In 2005, the District of Columbia (DC) adopted a set of legislation to reduce prescription drug costs. In particular, the law would bar a manufacturer from placing minimum retail price restrictions or from charging “excessive prices.”
The two major innovator pharmaceutical organizations quickly sued and won a ruling that the law was unconstitutional as (1) preempted by the patent laws and (2) invalid under the commerce clause because the new law restricted transactions that occur outside of DC borders. On appeal, the CAFC affirmed that law is unconstitutional.
CAFC Jurisdiction: Normally, the CAFC has jurisdiction over cases that arise under the patent laws. In addition, the CAFC claims jurisdiction in this type of case because interpretation of patent law is a “necessary element” of the plaintiffs’ claim.
Patent law is indeed a necessary element of the claim here. If the plaintiffs are able to show that the patent laws preempt the Act, the Act will be declared unenforceable and enjoined, but if they cannot, their preemption claim will fail and their members may be required to defend against suits under the Act.
Standing of BIO and PhRMA: BIO and PhRMA are not involved in any of the activities covered by the Act. However, their members would be affected. The Supreme Court has held on several occasions that an organization may sue on behalf of its members if (i) the members would have standing on their own; (ii) the suit is related to the purpose of the organization; and (iii) the member’s are not individual claimants. The individual members certainly would have standing here because the Act creates injuries that are “(a) concrete and particularized and (b) actual or imminent, not conjectural or hypothetical.” (Quoting 528 U.S. 167). This issue is likely the sticking point for the Aharonian-Peterlin lawsuit.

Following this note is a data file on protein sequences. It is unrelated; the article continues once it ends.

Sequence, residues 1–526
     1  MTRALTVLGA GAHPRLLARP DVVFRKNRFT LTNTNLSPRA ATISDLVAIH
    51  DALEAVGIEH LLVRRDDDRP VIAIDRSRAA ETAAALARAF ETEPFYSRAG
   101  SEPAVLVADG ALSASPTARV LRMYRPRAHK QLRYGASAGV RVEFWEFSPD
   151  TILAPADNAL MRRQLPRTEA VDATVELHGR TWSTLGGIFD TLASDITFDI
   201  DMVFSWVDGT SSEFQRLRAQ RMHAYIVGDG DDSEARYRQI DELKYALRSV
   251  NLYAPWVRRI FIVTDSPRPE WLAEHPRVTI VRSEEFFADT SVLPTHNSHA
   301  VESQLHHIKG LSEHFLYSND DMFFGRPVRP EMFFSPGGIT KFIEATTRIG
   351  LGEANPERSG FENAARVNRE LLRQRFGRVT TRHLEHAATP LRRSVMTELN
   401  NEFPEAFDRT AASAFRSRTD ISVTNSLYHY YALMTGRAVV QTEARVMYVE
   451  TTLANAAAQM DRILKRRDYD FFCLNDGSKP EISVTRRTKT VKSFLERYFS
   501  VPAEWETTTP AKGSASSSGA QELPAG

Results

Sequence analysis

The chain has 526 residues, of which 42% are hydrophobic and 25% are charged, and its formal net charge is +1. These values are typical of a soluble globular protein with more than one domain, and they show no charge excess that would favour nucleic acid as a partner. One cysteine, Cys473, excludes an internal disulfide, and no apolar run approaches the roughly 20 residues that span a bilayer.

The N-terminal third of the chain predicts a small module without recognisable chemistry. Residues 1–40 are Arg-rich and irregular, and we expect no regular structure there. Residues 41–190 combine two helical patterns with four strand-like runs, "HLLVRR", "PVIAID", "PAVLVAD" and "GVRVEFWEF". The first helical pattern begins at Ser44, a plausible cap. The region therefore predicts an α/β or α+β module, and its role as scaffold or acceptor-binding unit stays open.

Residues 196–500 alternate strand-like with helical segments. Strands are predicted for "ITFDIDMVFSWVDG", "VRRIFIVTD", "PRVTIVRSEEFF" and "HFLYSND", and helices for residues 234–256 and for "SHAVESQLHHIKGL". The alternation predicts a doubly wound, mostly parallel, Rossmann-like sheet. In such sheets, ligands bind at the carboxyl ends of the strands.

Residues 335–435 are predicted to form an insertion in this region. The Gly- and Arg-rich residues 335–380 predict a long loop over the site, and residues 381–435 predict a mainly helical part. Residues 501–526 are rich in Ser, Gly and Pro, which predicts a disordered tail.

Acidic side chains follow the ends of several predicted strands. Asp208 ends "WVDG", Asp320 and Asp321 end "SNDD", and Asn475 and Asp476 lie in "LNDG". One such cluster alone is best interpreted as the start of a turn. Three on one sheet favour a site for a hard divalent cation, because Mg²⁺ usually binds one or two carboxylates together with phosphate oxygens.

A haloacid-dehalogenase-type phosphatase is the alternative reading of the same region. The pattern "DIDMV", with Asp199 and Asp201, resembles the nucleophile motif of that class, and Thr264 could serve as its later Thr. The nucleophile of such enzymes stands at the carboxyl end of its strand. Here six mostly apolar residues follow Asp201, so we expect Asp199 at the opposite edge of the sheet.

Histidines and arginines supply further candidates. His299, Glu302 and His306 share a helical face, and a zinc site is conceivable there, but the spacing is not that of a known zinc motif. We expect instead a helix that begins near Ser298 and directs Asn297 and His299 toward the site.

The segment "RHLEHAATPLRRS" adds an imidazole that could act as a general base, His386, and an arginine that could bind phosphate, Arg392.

Preemption: Federal Law is the Supreme Law and when State law (or here, DC law) is in conflict, it is the State Law that must yield. Even when there is no direct conflict, a state law may still be found invalid if it “stands as an obstacle” to accomplishing the full goals and purposes of Federal Law. For the Patent Laws, the fundamental goal is to “promote the progress of science and useful arts.” This goal is accomplished, according to the CAFC, by offering exclusive rights that allow for above market pricing during the term of the patent. However, there is also the competing issue of keeping prices reasonable for consumers. As the Supreme Court outlined in Bonito Boats, Congress has taken charge of balancing these competing interests.
Here, the DC Act would limit the “full exercise of market power” by restraining excessive prices. That action is contrary to the incentive goals of the patent act, and thus preempted.
- It is important here that the DC Act focused exclusively on patented drugs. If it had a broader focus – perhaps all health care related equipment, drugs and services – then the court would have had a more difficult time shooting it down.
- Patently-O previous discussion of the case
- BIO = Biotechnology Industry Organization
- PhRMA = Pharmaceutical Research and Manufacturers of America